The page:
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-   -   Re: What's new in C? (http://www.velocityreviews.com/forums/t954999-re-whats-new-in-c.html)

Jorgen Grahn 11-30-2012 08:50 PM

Re: What's new in C?
 
On Thu, 2012-11-29, Cal Dershowitz wrote:
> It's been forever since I posted as OP in c.l.c. When I was learning C
> from Dan Pop, the authors of unleashed, Chris Torek, Keith and even
> Chuck before he was wrong all the time, there was always the tension
> between dos and linux platforms, Topic Zealotry: there is no topic but
> the topic, but also there was good, topical and honest disagreements
> about C itself.
>
> There seemed to be a significant numbers of individuals and companies
> who were just going to keep on working with C90, while others and I went
> toward C99.
>
> I'm wondering how it all turned out. While the C specification is
> concise and small, the C family of users and applications is
> monstrously-large.
>
> Did embedded systems eventually embrace newer C?


For the one I'm working on: we're talking about going C99, but it
never happens. And the Linux kernel seems stuck with C90 for some
reason.

/Jorgen

--
// Jorgen Grahn <grahn@ Oo o. . .
\X/ snipabacken.se> O o .

Jens Gustedt 11-30-2012 10:35 PM

Re: What's new in C?
 
Am 30.11.2012 21:50, schrieb Jorgen Grahn:

> For the one I'm working on: we're talking about going C99, but it
> never happens. And the Linux kernel seems stuck with C90 for some
> reason.


No, that is much too imprecise to be true. The linux kernel uses its
own C dialect which is a pragmatic mixture of C89, C99 and gcc
specific features. They have some C99 that they disallow in the
kernel, some for good reasons, e.g I can easily be convinced that VLA
are not such a good idea in an OS kernel. Whether or not to allow
mixed declarations and statement (which Linus definitively doesn't
want) is more a matter of taste and/or coding style.

Jens


Jorgen Grahn 12-05-2012 03:26 AM

Re: What's new in C?
 
On Fri, 2012-11-30, Jens Gustedt wrote:
> Am 30.11.2012 21:50, schrieb Jorgen Grahn:
>
>> For the one I'm working on: we're talking about going C99, but it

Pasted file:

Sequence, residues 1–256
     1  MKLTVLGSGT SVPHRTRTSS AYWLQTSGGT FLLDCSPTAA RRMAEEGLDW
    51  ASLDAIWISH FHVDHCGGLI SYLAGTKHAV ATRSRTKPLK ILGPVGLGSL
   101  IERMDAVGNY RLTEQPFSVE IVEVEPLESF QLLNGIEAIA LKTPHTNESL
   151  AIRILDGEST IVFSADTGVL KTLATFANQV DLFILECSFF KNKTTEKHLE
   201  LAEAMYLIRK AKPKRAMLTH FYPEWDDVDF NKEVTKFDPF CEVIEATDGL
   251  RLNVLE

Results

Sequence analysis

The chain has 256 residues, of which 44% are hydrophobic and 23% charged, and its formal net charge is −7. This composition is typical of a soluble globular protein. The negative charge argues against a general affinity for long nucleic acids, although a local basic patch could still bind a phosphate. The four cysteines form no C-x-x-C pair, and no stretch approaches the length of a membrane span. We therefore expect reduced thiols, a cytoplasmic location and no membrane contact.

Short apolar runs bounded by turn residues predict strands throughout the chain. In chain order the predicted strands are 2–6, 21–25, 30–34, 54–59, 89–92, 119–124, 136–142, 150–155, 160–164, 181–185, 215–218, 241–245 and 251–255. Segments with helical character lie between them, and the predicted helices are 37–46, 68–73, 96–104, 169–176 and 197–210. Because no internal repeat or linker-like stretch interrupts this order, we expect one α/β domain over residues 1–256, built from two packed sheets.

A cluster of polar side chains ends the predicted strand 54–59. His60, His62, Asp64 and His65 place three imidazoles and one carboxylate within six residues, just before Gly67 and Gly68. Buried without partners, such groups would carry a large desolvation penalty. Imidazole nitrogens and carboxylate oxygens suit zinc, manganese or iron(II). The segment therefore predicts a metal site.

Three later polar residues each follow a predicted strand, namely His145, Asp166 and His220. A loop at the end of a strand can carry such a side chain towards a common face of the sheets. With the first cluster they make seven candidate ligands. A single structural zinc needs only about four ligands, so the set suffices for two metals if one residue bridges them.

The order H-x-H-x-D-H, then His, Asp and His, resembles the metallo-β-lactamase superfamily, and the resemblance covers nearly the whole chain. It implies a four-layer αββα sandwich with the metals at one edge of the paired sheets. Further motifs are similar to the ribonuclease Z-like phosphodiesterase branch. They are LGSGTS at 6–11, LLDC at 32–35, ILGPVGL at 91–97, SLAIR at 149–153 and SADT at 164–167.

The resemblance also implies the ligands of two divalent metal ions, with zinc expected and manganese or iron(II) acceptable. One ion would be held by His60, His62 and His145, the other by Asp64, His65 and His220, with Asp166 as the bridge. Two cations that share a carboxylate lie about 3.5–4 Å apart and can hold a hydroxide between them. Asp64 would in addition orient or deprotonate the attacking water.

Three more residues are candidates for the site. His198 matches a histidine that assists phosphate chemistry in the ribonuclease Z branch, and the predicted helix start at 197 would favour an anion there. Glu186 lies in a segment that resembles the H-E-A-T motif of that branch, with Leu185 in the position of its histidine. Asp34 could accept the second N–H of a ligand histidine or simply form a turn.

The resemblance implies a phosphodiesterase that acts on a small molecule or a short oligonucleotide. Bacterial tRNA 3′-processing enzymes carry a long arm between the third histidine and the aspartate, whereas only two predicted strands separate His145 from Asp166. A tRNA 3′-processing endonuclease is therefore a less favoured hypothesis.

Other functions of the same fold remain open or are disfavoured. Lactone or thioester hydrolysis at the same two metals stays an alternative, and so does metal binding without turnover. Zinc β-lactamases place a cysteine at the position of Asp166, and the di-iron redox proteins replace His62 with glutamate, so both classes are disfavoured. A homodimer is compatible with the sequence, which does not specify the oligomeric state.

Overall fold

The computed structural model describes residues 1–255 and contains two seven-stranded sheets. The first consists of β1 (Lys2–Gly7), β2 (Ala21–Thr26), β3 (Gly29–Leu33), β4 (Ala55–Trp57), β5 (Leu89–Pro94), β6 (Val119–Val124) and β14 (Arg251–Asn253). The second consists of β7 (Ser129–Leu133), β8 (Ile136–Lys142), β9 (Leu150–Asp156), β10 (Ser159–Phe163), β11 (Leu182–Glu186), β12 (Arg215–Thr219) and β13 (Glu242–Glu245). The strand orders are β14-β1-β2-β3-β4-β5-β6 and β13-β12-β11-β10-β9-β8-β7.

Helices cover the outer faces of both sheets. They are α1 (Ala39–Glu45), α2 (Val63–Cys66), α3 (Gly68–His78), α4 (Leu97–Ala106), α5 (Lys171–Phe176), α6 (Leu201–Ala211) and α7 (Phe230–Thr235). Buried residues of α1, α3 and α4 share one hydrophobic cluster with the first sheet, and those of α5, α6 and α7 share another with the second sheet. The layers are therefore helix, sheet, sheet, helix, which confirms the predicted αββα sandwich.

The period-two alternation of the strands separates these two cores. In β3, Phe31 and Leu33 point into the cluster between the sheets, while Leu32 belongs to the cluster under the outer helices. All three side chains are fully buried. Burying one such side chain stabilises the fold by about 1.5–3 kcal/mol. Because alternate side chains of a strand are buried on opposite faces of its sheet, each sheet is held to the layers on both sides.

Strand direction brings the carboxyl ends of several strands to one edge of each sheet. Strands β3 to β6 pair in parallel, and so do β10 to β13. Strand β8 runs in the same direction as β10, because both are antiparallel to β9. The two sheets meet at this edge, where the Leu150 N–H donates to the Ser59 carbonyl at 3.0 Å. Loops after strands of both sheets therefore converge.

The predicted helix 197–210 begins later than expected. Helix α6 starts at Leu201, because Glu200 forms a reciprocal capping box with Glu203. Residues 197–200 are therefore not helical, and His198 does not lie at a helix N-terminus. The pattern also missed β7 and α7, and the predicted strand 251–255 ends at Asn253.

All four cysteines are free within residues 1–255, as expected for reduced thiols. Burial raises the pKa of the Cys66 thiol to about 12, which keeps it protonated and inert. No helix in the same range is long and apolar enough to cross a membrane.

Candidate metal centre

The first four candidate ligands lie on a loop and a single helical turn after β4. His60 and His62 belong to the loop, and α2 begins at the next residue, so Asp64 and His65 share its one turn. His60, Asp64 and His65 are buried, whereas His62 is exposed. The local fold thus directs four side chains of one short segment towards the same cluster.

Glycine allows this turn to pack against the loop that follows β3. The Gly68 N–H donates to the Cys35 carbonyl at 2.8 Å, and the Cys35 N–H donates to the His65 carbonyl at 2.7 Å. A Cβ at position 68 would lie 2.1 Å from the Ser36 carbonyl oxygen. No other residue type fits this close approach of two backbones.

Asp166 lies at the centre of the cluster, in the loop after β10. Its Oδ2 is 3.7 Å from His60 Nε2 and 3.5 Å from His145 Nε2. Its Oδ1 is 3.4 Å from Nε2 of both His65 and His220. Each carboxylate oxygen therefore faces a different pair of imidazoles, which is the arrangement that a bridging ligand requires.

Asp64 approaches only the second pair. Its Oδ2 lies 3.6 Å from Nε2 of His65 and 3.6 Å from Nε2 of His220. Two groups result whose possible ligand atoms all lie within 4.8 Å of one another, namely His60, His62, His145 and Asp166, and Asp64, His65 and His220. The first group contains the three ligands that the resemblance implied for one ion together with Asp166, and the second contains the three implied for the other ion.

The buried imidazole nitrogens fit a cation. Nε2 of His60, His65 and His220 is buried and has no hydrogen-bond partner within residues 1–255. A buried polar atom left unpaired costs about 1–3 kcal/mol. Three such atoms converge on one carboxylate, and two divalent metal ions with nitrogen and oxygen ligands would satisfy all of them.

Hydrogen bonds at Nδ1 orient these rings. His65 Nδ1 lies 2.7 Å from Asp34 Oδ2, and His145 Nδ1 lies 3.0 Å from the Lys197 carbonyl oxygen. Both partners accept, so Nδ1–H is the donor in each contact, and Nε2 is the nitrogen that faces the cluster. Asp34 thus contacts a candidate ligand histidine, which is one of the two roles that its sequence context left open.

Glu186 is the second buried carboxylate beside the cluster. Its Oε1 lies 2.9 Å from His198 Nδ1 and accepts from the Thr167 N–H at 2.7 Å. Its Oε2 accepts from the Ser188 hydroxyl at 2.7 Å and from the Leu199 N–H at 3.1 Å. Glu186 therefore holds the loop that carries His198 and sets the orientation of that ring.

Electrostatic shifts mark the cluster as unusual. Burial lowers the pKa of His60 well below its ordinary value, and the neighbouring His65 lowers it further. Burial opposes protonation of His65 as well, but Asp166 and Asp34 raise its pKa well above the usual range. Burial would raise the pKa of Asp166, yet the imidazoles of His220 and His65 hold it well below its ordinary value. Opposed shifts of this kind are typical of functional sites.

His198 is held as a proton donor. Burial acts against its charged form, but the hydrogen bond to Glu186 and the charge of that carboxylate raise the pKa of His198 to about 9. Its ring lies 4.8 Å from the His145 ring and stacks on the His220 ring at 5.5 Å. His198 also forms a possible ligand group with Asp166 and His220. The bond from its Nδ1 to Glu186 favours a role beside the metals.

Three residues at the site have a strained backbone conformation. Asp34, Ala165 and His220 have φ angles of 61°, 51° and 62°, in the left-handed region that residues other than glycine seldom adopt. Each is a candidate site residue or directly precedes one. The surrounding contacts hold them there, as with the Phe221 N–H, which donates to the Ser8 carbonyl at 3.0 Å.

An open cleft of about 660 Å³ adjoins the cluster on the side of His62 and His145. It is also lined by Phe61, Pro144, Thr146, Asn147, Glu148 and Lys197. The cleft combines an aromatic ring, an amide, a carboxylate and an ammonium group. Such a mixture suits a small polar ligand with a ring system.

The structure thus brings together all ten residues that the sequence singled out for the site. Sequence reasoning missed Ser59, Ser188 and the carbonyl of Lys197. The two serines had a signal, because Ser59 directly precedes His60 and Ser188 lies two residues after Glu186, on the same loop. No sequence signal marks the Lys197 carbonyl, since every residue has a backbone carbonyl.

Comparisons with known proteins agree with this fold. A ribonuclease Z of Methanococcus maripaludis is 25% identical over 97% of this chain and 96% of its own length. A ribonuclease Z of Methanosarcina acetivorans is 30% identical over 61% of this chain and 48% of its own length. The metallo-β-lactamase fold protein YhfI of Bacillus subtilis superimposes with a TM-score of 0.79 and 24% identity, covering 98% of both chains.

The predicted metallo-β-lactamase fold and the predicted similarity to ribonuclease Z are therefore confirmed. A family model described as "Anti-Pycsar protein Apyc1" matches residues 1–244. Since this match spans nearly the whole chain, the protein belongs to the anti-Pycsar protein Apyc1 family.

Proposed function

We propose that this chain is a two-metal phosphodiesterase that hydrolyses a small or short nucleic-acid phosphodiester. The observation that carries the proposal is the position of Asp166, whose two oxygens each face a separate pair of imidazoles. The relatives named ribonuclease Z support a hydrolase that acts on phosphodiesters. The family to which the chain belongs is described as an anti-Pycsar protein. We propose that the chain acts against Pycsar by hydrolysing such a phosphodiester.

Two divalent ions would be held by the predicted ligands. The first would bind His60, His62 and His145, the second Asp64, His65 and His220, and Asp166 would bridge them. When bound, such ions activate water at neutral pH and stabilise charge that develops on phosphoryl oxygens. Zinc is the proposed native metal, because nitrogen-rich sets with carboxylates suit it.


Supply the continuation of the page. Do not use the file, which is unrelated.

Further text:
>> never happens. And the Linux kernel seems stuck with C90 for some
>> reason.

>
> No, that is much too imprecise to be true. The linux kernel uses its
> own C dialect which is a pragmatic mixture of C89, C99 and gcc
> specific features. They have some C99 that they disallow in the
> kernel, some for good reasons, e.g I can easily be convinced that VLA
> are not such a good idea in an OS kernel. Whether or not to allow
> mixed declarations and statement (which Linus definitively doesn't
> want) is more a matter of taste and/or coding style.


True. It's the ban on mixed declarations which annoys me, and the
feature which "defines" C99 for me personally. No big surprise that
Linus is against it I guess ...

/Jorgen

--
// Jorgen Grahn <grahn@ Oo o. . .
\X/ snipabacken.se> O o .

gwowen 12-06-2012 07:49 AM

Re: What's new in C?
 
On Dec 5, 3:26*am, Jorgen Grahn <grahn+n...@snipabacken.se> wrote:

> True. It's the ban on mixed declarations which annoys me, and the
> feature which "defines" C99 for me personally. *No big surprise that
> Linus is against it I guess ...


And yet, something tells me that if mixed declarations were allowed,
no-one would've ever written:

static unsigned int tun_chr_poll(struct file *file, poll_table * wait)
{
struct sock *sk = tun->sk;
unsigned int mask = 0;

if (!tun) return POLLERR;
// oops, check gets compiled out, bad stuff happens...
}